Reduce final energy demand.
Increase total electricity consumption.
Reduce total heating oil and natural gas consumption.
Likely to raise pressure on the grid by increasing peak electricity demand.
Likely to increase energy independence by reducing fossil imports.
Very likely to reduce global CO2 emissions.
The refrigerants used in heat pumps often have high global warming potentials.
Likely to increase the cost of the energy transition as it requires deployment of district heating networks and heat pump technologies.
May improve balance of payments by substituting domestic electricity for fossil imports.
May reduce Confederation income from the tax on mineral oil under the current taxation system.
A heat pump is a device that draws heat from the environment and delivers it to a heated space at a higher temperature. The device is most usually driven using electricity but absorption heat pumps driven by a heat source are also available.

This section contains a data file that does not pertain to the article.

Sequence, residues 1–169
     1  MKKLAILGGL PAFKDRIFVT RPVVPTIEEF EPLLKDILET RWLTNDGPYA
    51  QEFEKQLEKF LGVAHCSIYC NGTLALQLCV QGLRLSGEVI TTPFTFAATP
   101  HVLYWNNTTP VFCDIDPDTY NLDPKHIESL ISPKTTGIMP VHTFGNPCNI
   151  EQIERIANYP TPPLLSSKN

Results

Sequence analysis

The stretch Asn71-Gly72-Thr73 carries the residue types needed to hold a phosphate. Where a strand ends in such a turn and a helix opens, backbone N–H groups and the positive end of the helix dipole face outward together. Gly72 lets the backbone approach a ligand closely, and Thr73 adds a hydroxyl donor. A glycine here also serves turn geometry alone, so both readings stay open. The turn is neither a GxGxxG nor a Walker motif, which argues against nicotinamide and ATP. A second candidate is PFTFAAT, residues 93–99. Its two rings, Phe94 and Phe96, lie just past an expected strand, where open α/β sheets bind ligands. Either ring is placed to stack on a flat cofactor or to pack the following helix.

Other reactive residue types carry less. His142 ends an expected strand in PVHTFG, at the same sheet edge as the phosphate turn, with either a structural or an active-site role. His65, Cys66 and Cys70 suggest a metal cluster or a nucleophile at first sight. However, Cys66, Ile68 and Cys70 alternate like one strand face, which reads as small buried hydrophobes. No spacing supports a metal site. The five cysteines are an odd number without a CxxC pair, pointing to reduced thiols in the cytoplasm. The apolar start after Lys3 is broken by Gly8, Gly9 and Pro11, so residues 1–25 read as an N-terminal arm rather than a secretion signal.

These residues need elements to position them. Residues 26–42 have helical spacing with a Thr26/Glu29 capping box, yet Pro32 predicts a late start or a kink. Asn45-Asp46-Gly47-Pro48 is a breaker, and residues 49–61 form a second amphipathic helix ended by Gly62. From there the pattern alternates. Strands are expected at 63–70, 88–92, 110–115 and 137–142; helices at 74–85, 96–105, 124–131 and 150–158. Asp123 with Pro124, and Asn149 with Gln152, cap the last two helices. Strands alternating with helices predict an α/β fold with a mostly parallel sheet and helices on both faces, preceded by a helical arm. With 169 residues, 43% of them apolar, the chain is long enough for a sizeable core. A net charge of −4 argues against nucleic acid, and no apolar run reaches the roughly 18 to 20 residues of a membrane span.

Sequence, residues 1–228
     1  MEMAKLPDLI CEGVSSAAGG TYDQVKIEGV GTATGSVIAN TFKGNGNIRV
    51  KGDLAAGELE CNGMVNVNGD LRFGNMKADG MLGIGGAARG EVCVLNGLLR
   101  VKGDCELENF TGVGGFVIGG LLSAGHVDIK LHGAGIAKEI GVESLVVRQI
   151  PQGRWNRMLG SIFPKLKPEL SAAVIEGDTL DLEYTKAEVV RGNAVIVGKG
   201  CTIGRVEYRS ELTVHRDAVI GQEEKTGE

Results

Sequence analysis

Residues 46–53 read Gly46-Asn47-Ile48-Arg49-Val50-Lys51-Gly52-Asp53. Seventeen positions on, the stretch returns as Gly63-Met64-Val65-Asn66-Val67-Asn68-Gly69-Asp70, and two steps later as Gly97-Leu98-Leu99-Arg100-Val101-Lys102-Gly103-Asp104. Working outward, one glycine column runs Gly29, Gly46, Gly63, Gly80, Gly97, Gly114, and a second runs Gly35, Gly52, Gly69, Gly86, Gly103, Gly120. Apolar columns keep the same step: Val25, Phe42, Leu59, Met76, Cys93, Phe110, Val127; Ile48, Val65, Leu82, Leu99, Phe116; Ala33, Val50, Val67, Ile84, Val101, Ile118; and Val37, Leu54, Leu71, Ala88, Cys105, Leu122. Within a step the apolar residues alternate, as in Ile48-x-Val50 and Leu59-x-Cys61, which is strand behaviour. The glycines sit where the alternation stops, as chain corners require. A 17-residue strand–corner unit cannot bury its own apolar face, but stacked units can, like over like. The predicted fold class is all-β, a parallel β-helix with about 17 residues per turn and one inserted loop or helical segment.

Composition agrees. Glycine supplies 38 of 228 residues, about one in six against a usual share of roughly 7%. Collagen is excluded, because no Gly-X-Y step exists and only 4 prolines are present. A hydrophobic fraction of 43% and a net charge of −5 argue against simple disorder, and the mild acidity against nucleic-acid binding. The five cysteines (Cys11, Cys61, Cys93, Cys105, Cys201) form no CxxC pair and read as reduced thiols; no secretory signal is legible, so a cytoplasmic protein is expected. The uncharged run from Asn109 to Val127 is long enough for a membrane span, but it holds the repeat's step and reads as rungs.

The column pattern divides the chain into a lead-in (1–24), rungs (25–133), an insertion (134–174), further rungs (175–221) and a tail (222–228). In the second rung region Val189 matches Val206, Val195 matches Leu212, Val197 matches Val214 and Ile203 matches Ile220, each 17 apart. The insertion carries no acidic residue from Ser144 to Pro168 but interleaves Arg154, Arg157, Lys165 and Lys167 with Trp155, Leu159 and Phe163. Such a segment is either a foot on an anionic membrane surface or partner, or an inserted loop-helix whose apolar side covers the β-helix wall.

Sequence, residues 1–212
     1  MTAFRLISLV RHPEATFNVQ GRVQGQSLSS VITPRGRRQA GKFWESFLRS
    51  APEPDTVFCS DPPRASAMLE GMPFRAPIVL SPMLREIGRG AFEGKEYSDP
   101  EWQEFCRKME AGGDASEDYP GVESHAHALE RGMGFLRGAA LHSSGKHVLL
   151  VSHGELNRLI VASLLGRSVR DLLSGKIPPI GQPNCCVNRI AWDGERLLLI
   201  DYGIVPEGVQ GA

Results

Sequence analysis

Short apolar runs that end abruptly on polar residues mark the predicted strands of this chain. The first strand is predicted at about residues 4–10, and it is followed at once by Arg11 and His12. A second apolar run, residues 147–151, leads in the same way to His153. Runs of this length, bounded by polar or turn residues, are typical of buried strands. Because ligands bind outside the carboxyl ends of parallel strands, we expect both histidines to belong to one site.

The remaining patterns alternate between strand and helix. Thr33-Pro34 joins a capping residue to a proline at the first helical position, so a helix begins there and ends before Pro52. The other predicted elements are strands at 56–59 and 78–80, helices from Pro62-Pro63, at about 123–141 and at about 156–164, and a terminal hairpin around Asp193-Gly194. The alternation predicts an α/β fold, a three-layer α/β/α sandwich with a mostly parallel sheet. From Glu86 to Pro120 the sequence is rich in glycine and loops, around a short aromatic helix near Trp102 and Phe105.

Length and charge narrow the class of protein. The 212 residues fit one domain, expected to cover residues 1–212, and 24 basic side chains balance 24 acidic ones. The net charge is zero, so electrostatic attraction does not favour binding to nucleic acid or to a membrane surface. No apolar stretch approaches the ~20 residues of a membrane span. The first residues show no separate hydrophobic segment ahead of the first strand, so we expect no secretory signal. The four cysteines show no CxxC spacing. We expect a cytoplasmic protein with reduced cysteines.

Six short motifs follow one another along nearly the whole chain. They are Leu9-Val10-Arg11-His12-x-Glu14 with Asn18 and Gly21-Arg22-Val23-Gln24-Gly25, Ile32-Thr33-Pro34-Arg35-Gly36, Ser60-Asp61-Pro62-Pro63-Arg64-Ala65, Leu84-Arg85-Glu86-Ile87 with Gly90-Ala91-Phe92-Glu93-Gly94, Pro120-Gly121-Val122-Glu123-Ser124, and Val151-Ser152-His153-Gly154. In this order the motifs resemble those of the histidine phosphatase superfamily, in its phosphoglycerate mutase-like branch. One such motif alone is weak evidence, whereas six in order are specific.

Heat pumps can draw heat from the outside air (air source) or using a heat transfer loop that draws heat from the ground (ground source) or a body of water (water source).
The air source heat pumps lose efficiency at low external temperature. In contrast, ground and water source heat pumps operate efficiently year round, because the temperature of the heat source remains more or less constant, but are more expensive to install.
Centralised heat pump plants would be coupled to a district heating network. Given their larger size and typically higher utilisation factor than small, decentralised heat pumps, a broader range of heat source options and plant configurations can be envisaged and the plants will typically achieve higher COPs.
• Requires district heating infrastructure (network) which can be capital intensive to deploy, particularly as a retrofit.
• Currently low energy prices make the economics of such an integrated energy system quite challenging without significant policy drivers.
• District heating systems require higher operating water temperatures, which is not optimal for heat pumps.
Next tables contain the assumptions that have been introduced in the Centralized heat pump model of the calculator.
|CO2-eq. emissions [kgCO2-eq./kWhth]||They depend on the electricity production.|
|Deposited waste [UBP/kWhth]|
|Specific investment [CHF2010/kWth]||1465|